Collegial culture. This culture is characteristic of perhaps most A/E firms, where there is a looser structure and the focus is on doing the work. Technical professionals tend to resist management control and prefer concentrating on their areas of expertise. Many collegial cultures offer an open and friendly place to work, where teamwork and consensus are valued. With seniority there is a substantial amount of freedom and discretion permitted. Leaders tend to be more mentors than managers, their stature within the firm often based more on technical qualifications than leadership skills.
Entrepreneurial culture. This culture is more common among younger, smaller firms that have a strong marketplace orientation combined with a flexible, dynamic structure. A passionate focus on building the business and responding to clients tends to resist organizational constraints. These firms often promote innovation and are willing to take risks. Individual initiative and creativity is encouraged. There is usually an emphasis on growth and carving out a competitive edge. Leaders in an entrepreneurial culture are also more likely to be like mentors than bosses, but their status in the firm is based more on their client skills and ability to bring in the work.
Hierarchical culture. As firms grow larger there is a tendency to exert management control through standardization and a well-defined structure for authority and decision making. The focus is more on internal operations and organization. There's a heavy emphasis on "making the numbers," but attempts to improve performance tend to stress internal functions rather than market-based strategies. Hierarchical cultures are usually characterized by ever-increasing rules and bureaucracy. Effective leaders in this culture excel at organizing, coordinating, and monitoring people and processes.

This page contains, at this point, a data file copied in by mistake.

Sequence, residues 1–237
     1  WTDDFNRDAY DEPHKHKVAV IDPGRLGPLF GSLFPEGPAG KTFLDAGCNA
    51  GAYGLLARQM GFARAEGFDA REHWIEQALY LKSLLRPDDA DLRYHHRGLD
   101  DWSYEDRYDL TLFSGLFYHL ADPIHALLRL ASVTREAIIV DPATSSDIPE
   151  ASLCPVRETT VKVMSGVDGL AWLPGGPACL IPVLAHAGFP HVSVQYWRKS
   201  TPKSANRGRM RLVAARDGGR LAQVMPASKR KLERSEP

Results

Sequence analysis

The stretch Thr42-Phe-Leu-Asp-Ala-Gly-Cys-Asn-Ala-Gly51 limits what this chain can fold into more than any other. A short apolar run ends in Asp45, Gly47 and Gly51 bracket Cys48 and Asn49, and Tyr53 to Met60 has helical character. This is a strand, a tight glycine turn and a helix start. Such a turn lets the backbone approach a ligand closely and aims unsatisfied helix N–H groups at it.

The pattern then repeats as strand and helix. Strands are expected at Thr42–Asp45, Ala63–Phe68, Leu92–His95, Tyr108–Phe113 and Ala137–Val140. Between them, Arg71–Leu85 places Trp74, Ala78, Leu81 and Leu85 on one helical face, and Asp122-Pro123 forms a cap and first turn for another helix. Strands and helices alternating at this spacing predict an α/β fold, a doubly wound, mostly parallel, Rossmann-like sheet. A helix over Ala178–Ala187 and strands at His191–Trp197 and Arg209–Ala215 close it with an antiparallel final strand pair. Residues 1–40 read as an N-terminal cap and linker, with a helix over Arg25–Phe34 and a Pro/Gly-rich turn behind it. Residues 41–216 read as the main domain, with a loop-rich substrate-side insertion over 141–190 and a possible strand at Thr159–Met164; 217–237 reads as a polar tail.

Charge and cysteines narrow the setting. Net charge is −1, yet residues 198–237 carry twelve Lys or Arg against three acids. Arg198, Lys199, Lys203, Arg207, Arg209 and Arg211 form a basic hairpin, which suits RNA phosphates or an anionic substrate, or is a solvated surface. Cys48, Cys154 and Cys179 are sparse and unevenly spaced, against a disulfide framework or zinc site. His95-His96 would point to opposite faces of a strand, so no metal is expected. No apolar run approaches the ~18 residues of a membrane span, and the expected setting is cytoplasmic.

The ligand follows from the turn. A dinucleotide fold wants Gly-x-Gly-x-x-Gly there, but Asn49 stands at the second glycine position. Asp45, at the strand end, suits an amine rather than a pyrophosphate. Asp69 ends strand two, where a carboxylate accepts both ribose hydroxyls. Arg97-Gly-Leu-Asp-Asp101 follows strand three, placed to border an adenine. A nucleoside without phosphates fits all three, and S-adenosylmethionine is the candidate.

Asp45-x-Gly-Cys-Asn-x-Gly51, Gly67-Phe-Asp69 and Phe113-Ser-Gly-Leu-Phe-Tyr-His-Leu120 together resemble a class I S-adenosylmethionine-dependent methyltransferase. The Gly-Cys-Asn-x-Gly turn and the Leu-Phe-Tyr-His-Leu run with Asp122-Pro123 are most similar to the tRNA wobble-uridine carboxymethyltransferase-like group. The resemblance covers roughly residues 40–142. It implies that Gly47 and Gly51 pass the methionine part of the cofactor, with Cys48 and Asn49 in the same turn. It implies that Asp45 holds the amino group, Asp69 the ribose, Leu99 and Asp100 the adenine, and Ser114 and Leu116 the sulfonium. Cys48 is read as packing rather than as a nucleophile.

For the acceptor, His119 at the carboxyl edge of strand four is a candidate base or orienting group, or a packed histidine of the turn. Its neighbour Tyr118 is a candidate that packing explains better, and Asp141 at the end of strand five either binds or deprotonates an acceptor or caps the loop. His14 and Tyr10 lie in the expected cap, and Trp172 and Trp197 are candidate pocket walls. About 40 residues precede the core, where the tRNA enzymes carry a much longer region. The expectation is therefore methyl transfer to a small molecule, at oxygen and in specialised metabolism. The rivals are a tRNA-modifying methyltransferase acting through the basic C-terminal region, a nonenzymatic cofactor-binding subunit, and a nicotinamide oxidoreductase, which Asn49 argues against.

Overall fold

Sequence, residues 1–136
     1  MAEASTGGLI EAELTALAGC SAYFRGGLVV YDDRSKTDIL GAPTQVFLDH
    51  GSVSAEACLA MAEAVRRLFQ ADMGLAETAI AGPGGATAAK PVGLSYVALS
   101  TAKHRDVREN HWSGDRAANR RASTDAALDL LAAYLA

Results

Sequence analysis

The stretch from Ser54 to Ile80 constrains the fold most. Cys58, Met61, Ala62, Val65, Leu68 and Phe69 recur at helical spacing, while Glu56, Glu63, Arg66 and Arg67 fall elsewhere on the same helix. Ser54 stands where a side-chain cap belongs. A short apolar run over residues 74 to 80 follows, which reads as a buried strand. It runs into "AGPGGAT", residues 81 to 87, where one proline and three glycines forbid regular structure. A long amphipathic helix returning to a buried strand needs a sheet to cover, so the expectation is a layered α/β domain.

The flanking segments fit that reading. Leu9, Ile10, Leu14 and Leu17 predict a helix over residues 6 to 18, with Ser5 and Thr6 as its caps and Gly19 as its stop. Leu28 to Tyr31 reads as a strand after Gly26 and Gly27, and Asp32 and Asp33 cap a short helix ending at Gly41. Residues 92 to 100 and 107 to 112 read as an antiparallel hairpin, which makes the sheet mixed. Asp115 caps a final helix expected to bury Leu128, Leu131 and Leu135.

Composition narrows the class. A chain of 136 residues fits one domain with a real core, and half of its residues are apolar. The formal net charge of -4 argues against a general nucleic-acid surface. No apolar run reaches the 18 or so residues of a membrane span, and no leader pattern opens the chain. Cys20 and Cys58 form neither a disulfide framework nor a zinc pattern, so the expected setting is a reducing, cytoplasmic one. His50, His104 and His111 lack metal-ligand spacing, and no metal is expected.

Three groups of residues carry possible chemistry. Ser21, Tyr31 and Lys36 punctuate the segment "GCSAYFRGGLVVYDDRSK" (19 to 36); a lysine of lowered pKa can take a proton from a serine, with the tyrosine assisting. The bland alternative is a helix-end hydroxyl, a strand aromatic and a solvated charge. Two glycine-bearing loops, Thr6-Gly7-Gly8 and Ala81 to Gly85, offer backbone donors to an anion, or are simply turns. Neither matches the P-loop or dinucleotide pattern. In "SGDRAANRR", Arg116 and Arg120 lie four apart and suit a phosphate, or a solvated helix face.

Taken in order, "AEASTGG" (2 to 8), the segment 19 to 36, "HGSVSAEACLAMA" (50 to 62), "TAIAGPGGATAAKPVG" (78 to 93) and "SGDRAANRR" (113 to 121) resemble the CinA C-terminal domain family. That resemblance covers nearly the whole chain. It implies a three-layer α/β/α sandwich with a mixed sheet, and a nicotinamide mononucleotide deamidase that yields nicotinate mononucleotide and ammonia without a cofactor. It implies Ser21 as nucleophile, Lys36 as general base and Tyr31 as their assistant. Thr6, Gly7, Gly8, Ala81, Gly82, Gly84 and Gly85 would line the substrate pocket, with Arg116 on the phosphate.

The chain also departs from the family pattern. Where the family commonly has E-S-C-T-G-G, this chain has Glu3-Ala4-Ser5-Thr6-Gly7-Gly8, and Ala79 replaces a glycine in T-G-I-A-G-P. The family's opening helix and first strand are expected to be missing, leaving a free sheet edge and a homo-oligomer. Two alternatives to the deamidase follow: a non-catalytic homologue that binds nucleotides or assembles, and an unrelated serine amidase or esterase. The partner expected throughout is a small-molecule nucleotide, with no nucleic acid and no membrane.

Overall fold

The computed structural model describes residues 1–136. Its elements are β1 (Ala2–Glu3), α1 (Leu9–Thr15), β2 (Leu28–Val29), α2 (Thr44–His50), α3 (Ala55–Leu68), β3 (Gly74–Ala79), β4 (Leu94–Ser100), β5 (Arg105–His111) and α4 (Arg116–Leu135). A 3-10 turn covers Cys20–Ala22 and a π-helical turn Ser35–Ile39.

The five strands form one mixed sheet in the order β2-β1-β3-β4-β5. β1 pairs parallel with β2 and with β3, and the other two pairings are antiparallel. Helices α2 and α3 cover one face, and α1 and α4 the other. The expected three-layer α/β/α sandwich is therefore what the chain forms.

Competitive culture. Firms with this culture have similarities with the hierarchical model in their preference for organizational stability and control. But they maintain a strong focus on clients and the marketplace in which they compete. Competitive cultures stress performance improvement based on excelling at business development, client retention, and market positioning. These firms share the external focus of entrepreneurial firms, but approach it with more structure and process. They tend to favor a more transactional (as contrasted with a relational) approach to developing new business. Leaders in this kind of firm are similar to those in the hierarchical model, but stress competitiveness and differentiation.
So Why Does This Matter?
This topic is likely to seem tangential to many of my readers. Does it really matter if you understand what your firm's culture is like? What are the practical benefits of assessing your culture as I've outlined above? Let me attempt to make the business case for taking a closer look at your culture:
Strong corporate cultures deliver better business results. Harvard researchers John Kotter and John Heskett found that companies that had a well-defined culture built upon a foundation of shared values outperformed other companies by a large margin: Their revenue grew 4x faster, their rate of job creation was 7x higher, their stock price grew 12x faster, their profits were 7x greater.